The mission of the National Park Service is to “conserve the scenery and the natural and historic objects and the wildlife therein, and to provide for the enjoyment of the same in such manner and by such means as will leave them unimpaired for the enjoyment of future generations.” If you are committed to the mission of both preserving nature and providing the public with an opportunity to appreciate and enjoy it, you will fit in perfectly at the National Park Service. Ranger jobs involve equal parts conservation and public relations. The duties are very wide-ranging, ensuring that each new workday will be a little different than the last. On any given day, you may find yourself preparing exhibits and informational material; developing recreational activities and conservation programs; leading tours and nature walks; presenting educational talks to visitors; demonstrating folk arts and crafts; working on conservation, habitat restoration, and ecological projects; studying wildlife behavior; monitoring air and water quality in the park; searching for lost hikers and campers; rescuing stranded climbers; fighting fires; transporting injured park guests to hospitals; administering first aid; and serving as a law enforcement officer.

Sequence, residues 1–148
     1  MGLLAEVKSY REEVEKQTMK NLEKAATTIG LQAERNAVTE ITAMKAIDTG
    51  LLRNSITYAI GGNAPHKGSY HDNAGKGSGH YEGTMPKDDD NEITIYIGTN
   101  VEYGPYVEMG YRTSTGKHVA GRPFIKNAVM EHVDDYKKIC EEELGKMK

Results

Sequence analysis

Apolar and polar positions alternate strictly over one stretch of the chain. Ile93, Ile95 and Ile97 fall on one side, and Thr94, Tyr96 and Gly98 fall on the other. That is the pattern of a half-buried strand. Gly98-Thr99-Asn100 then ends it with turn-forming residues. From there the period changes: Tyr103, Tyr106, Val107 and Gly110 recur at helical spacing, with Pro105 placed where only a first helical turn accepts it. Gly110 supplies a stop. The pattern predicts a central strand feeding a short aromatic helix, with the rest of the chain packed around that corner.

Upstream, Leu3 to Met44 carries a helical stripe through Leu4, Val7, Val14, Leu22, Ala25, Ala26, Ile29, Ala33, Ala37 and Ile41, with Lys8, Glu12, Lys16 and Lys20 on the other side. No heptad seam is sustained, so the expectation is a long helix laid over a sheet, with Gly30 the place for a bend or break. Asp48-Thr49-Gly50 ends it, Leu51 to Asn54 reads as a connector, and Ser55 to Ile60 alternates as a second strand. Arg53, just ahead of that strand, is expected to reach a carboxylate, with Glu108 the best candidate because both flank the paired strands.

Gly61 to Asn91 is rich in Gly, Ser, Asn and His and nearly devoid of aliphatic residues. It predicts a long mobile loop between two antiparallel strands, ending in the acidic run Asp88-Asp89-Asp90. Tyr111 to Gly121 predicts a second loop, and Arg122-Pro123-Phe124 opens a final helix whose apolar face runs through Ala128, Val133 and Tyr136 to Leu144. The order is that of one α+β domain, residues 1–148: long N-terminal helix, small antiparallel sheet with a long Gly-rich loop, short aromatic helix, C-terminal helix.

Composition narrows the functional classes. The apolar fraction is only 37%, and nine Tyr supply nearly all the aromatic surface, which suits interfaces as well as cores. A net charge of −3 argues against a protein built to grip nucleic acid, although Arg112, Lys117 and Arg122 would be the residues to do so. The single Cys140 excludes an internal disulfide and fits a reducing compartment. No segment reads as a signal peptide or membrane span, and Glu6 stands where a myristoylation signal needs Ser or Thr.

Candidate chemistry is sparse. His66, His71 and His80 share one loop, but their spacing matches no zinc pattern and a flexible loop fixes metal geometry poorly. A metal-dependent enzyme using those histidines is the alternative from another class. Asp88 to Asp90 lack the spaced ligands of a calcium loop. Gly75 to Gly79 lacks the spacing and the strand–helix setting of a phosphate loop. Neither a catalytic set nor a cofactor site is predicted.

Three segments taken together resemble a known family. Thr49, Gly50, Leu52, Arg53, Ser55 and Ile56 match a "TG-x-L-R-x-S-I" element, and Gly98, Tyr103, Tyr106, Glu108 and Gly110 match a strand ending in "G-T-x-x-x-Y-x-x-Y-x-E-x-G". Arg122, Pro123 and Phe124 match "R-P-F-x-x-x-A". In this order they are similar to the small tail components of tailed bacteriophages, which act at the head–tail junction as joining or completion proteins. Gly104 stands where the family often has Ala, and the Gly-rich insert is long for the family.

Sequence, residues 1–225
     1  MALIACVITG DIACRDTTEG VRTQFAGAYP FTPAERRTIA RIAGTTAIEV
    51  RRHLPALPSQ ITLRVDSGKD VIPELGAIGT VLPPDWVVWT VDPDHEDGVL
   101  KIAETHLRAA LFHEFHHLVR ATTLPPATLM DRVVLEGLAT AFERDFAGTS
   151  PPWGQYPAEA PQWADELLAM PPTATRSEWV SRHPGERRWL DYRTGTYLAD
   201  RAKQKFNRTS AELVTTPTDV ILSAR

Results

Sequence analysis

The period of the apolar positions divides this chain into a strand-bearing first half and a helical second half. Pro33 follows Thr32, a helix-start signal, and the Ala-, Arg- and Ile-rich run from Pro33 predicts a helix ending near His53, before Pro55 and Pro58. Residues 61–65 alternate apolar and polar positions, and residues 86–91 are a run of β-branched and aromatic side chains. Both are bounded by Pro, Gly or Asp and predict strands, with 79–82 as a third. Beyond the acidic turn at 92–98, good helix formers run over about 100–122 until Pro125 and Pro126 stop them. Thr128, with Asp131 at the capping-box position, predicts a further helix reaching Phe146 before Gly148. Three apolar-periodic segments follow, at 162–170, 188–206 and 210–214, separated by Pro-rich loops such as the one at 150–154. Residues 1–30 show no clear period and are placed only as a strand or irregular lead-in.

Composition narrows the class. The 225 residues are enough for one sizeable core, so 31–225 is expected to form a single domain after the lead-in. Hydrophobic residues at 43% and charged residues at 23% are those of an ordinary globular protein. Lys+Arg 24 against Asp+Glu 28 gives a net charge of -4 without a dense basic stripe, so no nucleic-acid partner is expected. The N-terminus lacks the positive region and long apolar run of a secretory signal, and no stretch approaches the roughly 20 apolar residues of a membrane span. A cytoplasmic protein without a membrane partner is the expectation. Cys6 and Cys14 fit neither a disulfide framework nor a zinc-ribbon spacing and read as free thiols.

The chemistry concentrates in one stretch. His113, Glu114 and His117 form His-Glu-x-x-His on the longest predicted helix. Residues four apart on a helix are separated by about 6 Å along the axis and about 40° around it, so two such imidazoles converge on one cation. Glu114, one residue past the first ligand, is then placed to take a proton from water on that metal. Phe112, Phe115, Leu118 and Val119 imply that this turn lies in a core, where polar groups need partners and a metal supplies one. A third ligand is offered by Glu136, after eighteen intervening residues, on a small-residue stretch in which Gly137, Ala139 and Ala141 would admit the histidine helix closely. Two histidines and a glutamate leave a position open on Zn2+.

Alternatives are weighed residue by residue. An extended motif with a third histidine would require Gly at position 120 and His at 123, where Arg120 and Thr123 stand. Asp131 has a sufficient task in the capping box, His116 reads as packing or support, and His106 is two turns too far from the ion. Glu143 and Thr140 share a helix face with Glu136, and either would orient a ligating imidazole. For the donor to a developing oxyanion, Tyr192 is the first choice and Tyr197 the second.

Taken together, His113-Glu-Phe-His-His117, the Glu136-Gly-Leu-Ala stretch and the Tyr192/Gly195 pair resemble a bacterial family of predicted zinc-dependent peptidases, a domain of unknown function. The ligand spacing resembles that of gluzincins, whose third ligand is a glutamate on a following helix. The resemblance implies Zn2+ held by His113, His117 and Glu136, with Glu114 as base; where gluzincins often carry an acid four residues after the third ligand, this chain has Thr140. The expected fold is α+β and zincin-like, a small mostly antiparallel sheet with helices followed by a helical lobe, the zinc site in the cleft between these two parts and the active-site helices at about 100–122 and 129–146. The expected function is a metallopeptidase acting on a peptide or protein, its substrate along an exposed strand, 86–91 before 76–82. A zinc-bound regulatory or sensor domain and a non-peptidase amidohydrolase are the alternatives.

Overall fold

Working conditions vary depending on the location of your park. National parks are located in forests, deserts, mountain ranges, wetlands, coastal regions, and even big cities. Much of your day will probably be spent outside, exposed to the elements and weather patterns associated with these types of terrain.
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